Director Zak Penn (“X-Men 2,” “Avengers,” and “Incident at Loch Ness”) will be documenting the dig and the events around it. In addition to fans and media, a variety of people tied to the dig, video game, and film will be in attendance – including “E.T. the Extra-Terrestrial” video game designer Howard Scott Warshaw, a team of archeologists and representatives from Xbox Entertainment Studios, Lightbox and Fuel Entertainment. We hope you’ll join us as we get to the bottom of one of gaming’s biggest mysteries. A lucky handful of fans could even be interviewed for the film. Full details about the dig can be found below. See you in Alamogordo!

Alamogordo Landfill Excavation Details:

Saturday, April 26, 2014
9:30 a.m. – 7:30 p.m.

Alamogordo Landfill
4276 Highway 54 S
Alamogordo, NM 88310
(Near First Street and White Sands Boulevard)

City of Alamogordo Website:  http://ci.alamogordo.nm.us/

(via Witness Video Game History: Attend Atari Landfill Excavation on April 26)

Become a part of gamer history. Unearth the truth behind the ultimate urban legend. We’re excited to announce that the excavation of the long-rumored “E.T. the Extra-Terrestrial” video game burial site will occur on April 26, 2014 and will be open to the public. Spectators are invited to watch the team uncover the infamous Atari game cartridge grave.

The Atari Corporation – faced with overwhelmingly negative response to the “E.T. the Extra-Terrestrial” video game – allegedly disposed of millions of unsold game cartridges by burying them in the small town of Alamogordo, New Mexico in 1983. Fuel Entertainment took an interest in the legend, and in December 2013, with help from local garbage contractor Joe Lewandowski, acquired the exclusive rights to excavate the Alamogordo landfill. Fuel Entertainment brought the opportunity to Xbox Entertainment Studios, and now, as part of a documentary series (developed by Xbox Entertainment Studios and two-time Academy Award® winning producer Simon Chinn and Emmy winning producer Jonathan Chinn, through their multi-platform media company, Lightbox), the team will excavate the legendary New Mexico landfill to reveal the true story of Atari’s bizarre burial.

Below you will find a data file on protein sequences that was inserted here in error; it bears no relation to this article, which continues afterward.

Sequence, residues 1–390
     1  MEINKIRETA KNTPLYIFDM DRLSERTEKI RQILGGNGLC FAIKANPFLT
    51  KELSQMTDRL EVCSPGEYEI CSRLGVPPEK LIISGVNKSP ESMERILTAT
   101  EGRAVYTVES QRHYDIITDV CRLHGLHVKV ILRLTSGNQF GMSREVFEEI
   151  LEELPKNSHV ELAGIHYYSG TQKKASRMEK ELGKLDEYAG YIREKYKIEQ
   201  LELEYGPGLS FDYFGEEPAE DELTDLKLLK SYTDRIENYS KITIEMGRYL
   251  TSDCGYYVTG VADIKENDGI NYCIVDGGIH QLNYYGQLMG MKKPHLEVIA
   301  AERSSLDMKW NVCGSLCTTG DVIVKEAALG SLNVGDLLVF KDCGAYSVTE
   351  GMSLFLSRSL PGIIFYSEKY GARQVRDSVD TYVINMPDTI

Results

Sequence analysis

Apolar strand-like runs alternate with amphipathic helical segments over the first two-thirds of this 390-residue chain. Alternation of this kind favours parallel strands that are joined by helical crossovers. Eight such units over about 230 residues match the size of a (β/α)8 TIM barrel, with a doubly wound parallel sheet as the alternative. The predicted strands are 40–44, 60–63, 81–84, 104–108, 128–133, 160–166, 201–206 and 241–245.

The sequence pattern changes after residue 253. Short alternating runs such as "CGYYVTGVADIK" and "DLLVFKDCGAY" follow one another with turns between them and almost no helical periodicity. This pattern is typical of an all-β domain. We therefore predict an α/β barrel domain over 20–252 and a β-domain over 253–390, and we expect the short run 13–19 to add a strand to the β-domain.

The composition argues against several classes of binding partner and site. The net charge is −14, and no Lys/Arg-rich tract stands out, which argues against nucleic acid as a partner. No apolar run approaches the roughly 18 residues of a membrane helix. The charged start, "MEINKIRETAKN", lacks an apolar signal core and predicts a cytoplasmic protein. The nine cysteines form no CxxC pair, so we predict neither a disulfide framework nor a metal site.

Director Zak Penn (“X-Men 2,” “Avengers,” and “Incident at Loch Ness”) will be documenting the dig and the events around it. In addition to fans and media, a variety of people tied to the dig, video game, and film will be in attendance – including “E.T. the Extra-Terrestrial” video game designer Howard Scott Warshaw, a team of archeologists and representatives from Xbox Entertainment Studios, Lightbox and Fuel Entertainment. We hope you’ll join us as we get to the bottom of one of gaming’s biggest mysteries. A lucky handful of fans could even be interviewed for the film. Full details about the dig can be found below. See you in Alamogordo!

Alamogordo Landfill Excavation Details:

Saturday, April 26, 2014
9:30 a.m. – 7:30 p.m.

Alamogordo Landfill
4276 Highway 54 S
Alamogordo, NM 88310
(Near First Street and White Sands Boulevard)

City of Alamogordo Website: http://ci.alamogordo.nm.us/


Apr 11

rhizomedotorg:

Performances from Solo show in Sim City by Kim Asendorf

(via effimerafoundation)



comicsworkbook:

“Unless, you’re one of those rare mutant virtuosos of raw force, you’ll find that competitive tennis, like money pool, requires geometric thinking, the ability to calculate not merely your own angles but the angles of response to your angles.”

-David Foster Wallace from Derivative Sport in Tornado Alley 1990 (substitute tennis for comics and it still makes sense)

Apr 8
“Unable to fit on the school bus, [André the Giant] was driven to school by playwright Samuel Beckett, a neighbor.”

André the Giant - Wikipedia, the free encyclopedia

What.

(via merlin)


dinosaurparty:

(via ​A Game That Helped Me Cope With A Family Member’s Dementia)
This gave me chills. I’d definitely play Ether One.


prostheticknowledge:

Apple Patents for Automatic 3D Avatar Creation and Emotional States

Something to expect in the future in regards to online identity (both of which were filed today):

A three-dimensional (“3D”) avatar can be automatically created that resembles the physical appearance of an individual captured in one or more input images or video frames. The avatar can be further customized by the individual in an editing environment and used in various applications, including but not limited to gaming, social networking and video conferencing.